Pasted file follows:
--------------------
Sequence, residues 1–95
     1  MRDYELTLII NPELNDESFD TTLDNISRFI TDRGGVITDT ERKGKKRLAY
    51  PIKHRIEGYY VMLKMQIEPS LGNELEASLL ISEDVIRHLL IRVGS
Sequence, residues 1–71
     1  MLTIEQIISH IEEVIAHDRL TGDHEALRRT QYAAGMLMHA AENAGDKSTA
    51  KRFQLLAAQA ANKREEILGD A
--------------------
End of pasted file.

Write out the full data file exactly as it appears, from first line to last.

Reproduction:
Sequence, residues 1–95
     1  MRDYELTLII NPELNDESFD TTLDNISRFI TDRGGVITDT ERKGKKRLAY
    51  PIKHRIEGYY VMLKMQIEPS LGNELEASLL ISEDVIRHLL IRVGS
Sequence, residues 1–71
     1  MLTIEQIISH IEEVIAHDRL TGDHEALRRT QYAAGMLMHA AENAGDKSTA
    51  KRFQLLAAQA ANKREEILGD A